The idea of what qualifies as faithful, authentic, and virtuous human progress and development is contested. Benedict XVI for one calls into question the virtue of progress for progress sake. As an example, Trinitarian theology offers a compelling philosophical underpinning by which we could propose a mutuality and equality to processes of human development pulling from the reality that God is three in one. Three persons who are equal and exist eternally in community.

A robustly Christian anthropology will take into account our relationality as a primary and foundational concern. Instead of machines to be programmed and fine-tuned, we remember our humanity and relationality reflecting our relational Trinitarian God.

A Theory of Knowledge

Second, Christianity offers an approach to knowledge which is based in the prior commitment that all knowledge is derivative of the God who gives knowledge. We may seek to expand and add to knowledge but that expansion is held in check by the reality that all knowledge already belongs to God. Thereby, any added knowledge is simply derivative and revealed by the grace and generosity of God. The idea that we are the end-all be-all meaning makers who discover new, previously unknown information, is pride by another name. We receive knowledge as revealed by God and through his creation.

Yes, we can make great scientific discoveries and pontificate about new ideas. We can create new business and original art pieces. But, the idea that all of this is somehow all-dependent on us, the individual, is well, very modern. Instead, Christianity engages with knowledge from a place of dependency and humility, two things lost on people who have imbibed at the well of liberalism for far too long. Dependency might as well be seen as a social stigma in our time.

However, biblically, dependency is exactly what we must admit in coming to God at all. When we rediscover our dependency as people, we rehumanize society. And in rehumanizing society, we will show people a vision of the good life that is less idealistic (and perhaps disappointing in that way) but more relationally satisfying.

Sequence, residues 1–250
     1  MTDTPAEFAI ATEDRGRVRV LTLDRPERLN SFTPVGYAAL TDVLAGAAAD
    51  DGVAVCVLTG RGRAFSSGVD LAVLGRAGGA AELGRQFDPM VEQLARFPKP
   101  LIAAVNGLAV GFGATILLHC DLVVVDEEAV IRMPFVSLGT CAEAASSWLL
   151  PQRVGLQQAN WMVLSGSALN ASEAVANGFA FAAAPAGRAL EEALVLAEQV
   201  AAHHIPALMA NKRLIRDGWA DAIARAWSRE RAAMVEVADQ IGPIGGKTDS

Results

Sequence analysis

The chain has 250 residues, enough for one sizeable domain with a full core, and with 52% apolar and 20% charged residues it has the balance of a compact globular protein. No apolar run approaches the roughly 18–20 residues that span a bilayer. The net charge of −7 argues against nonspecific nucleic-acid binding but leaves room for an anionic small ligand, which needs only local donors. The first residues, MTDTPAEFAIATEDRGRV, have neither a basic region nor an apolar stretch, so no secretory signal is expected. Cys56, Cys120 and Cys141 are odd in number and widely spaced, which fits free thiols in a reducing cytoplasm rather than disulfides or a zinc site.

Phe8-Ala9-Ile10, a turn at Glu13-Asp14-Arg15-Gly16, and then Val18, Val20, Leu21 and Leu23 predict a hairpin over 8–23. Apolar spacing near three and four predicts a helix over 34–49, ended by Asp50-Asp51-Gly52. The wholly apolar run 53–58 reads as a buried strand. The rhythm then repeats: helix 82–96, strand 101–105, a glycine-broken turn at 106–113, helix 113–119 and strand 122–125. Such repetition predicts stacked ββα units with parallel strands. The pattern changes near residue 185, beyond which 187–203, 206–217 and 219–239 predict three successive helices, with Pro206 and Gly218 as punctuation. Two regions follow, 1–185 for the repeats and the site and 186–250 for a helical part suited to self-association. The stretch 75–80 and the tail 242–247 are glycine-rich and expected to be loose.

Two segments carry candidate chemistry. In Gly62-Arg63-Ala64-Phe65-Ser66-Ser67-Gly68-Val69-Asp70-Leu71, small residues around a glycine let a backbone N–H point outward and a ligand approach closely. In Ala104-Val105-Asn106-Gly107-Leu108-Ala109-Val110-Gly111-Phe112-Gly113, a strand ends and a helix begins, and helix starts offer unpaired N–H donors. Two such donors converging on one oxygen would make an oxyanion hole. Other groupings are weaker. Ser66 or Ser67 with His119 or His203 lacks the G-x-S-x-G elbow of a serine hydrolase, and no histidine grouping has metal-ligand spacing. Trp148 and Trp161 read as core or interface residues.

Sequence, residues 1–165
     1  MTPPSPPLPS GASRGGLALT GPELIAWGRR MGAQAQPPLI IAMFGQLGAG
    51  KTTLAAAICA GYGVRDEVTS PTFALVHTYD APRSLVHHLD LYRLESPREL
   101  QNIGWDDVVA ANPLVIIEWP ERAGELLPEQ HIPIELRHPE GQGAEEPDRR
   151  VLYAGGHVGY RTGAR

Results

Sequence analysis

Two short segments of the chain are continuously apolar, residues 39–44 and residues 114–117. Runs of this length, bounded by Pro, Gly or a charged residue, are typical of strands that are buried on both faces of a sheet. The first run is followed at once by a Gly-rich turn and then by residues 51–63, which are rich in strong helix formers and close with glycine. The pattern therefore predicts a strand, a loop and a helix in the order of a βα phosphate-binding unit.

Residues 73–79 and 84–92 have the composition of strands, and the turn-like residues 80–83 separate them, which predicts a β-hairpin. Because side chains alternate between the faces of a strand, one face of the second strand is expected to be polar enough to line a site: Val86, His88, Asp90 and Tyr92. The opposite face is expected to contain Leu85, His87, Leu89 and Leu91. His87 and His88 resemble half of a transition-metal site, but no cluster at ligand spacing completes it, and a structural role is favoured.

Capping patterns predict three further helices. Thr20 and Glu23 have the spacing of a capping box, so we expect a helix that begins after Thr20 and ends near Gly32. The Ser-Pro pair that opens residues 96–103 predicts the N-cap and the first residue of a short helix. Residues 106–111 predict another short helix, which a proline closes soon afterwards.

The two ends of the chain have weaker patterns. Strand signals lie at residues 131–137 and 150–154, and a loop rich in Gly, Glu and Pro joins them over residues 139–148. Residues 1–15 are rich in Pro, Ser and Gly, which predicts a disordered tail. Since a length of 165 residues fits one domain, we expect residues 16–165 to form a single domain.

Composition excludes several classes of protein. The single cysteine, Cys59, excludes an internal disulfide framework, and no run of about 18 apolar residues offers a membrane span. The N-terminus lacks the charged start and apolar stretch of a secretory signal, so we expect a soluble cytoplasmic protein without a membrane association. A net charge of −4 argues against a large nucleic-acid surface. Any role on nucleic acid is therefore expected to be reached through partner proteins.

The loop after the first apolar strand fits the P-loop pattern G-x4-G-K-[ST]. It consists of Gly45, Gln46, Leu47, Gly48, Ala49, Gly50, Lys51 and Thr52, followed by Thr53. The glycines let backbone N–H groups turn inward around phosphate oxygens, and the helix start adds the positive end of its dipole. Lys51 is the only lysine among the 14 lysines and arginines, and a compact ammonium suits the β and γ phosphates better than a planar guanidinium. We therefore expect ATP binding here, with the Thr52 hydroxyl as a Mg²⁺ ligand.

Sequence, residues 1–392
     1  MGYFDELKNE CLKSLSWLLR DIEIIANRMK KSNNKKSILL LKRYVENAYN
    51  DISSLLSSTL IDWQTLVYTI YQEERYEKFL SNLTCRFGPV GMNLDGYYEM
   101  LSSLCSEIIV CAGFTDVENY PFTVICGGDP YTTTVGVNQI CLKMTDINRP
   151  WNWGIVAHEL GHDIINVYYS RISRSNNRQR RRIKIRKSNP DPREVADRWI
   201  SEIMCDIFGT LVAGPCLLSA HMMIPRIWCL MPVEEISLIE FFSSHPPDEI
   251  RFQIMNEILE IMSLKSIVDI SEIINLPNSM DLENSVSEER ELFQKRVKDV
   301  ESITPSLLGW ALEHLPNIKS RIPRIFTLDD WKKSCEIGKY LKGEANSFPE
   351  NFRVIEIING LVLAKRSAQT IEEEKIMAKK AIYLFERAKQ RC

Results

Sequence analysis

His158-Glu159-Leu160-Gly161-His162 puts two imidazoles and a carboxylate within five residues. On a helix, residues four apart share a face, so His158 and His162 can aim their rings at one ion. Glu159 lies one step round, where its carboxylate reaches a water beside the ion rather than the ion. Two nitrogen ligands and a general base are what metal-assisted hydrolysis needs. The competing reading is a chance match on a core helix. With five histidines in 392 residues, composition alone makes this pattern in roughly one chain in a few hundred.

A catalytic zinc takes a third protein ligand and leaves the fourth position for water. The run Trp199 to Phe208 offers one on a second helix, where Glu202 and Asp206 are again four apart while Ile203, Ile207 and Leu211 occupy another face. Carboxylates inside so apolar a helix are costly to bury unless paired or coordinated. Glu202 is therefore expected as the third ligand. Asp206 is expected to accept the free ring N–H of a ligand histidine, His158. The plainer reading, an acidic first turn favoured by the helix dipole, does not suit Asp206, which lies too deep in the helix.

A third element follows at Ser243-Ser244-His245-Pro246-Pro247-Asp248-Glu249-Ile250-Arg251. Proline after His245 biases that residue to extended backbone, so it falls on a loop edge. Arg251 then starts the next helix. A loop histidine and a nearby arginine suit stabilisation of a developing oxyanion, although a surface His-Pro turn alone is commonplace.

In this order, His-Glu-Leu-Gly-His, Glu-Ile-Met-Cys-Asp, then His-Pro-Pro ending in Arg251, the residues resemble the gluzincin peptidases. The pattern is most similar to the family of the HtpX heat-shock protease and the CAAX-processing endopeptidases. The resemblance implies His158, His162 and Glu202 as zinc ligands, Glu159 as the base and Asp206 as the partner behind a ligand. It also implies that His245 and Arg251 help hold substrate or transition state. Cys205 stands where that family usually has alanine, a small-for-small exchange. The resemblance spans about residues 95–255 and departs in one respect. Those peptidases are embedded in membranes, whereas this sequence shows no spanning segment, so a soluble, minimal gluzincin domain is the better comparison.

Moral Limitation

Third, Christianity offers a moral tethering in which we believe that excess and the pursuit of material satisfaction as penultimate is unhelpful and immoral. Furthermore, because of God’s ultimate knowledge (and our derivative knowledge) and our holistic anthropology, we re-align the steering to more regularly avoid the ditch of excess. Because Christianity rejects greed as a morally acceptable virtue, it has a built in vision of the good life which guards against excess.

That is not to say that Christians themselves embody this virtue but it is to say that Christianity by default promotes a vision of the good life which runs counter to liberalism in some ways. Throw in the ad-mixture of a robustly Christian anthropology and understanding of derivative knowledge, and we have a vision of the good life which will lead to greater Shalom in our world. As long as the church is captivated by a vision of the good life which is inherently dehumanizing, prideful, and excessive, it will cease to connect with a culture desperate and dying in want of something more. It’s very vulnerability, that of wanting more, is a value to be exploited not a virtue to be embodied.

Just as Piper’s Christian hedonism was the connecting point for many of an earlier generation, today the opportunity lies with these liability of liberalism which all pave the way to destruction. By exploring three liabilities of liberal societies, we can gain insight into some of the pain points of people in society and expose opportunities to show how the gospel is better.

Christianity offers a vision of the good life which proves more satisfying and humanizing. We could call it Christian liberalism much like Piper called his iteration Christian hedonism. Christianity promotes a version of liberalism that is rooted in a vision of the good life which prevents freedom run amok.

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Posted by J. Chase Davis

J. Chase Davis (M.Div, Th.M, Denver Seminary) is Lead Pastor of Ministry of The Well Church in Boulder, Colorado. Chase is married to Kim and they have two sons. He is the author of Trinitarian Formation: A Theology of Discipleship in Light of the Father, Son, and Spirit (2021). He also hosts the podcast Full Proof Theology. You can find more of Chase’s writing at jchasedavis.com.